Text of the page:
CHICAGO — “Overworked! Underpaid!” chanted hundreds of American Airlines flight attendants, members of the Association of Professional Flight Attendants union, as they rallied outside of Chicago O’Hare Airport Terminal 1 Nov. 16. The boisterous and spirited pickets carried signs saying, “Ready to strike!” They cheered, banged their signs with paint sticks and shook pompoms as passing drivers blew their horns in support.
The union organized protests here and at American terminals in 10 other cities, at the airline’s headquarters in Fort Worth, Texas, and the statehouse in Massachusetts. Several pilots, employees of other airlines and retired flight attendants joined the Chicago picket line in solidarity. Some veteran flight attendants recalled the last time there was a strike at the airline, in 1993. “Here we go again!” said one.
The 26,000 American flight attendants have gone without a pay raise since 2019, under pay rates negotiated in 2014.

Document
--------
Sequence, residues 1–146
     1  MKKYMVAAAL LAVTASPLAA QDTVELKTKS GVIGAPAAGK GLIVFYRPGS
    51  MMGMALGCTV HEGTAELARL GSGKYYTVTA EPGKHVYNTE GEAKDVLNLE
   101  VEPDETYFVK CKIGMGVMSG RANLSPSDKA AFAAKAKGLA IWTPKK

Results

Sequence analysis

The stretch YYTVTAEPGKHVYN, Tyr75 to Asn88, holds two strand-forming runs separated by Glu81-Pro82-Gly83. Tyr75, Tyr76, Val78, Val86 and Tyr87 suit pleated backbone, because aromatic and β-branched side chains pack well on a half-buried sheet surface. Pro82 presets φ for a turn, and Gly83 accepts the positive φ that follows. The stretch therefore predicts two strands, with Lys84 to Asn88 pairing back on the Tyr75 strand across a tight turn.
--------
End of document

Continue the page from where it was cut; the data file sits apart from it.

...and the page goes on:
In addition to substantial raises and a cost-of-living clause to boost wages whenever inflation goes up, the flight attendants are pushing to get paid for substantial work time they now are forced to perform for nothing. They’re only paid when the plane is in the air, not for time spent boarding the plane or other duties on the ground.
They also face schedules that leave them exhausted. “We are working 12-plus-hour days with minimum rest,” flight attendant Kathrin Leefers told reporters at the Charlotte, North Carolina, airport picket line.
“We are ready to back our words with action. We are ready to strike,” Julie Hedrick, president of APFA, told the media. “This fight goes beyond us. It is a fight for all working-class Americans who are fed up with being forgotten and neglected while companies report record profits.”
American CEO Robert Isom hauled in a base salary of $1.3 million this year, along with a $2.75 million bonus and $8.25 million worth of stock.